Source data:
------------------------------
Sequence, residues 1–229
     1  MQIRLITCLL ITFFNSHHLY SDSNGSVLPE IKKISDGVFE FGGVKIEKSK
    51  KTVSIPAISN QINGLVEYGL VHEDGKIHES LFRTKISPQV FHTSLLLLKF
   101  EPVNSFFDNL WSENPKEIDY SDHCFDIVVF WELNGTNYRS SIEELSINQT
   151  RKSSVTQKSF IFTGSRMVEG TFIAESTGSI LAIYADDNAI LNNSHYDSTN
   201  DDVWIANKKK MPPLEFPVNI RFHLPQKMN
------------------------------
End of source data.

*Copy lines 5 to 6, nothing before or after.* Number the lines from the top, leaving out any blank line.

   151  RKSSVTQKSF IFTGSRMVEG TFIAESTGSI LAIYADDNAI LNNSHYDSTN
   201  DDVWIANKKK MPPLEFPVNI RFHLPQKMN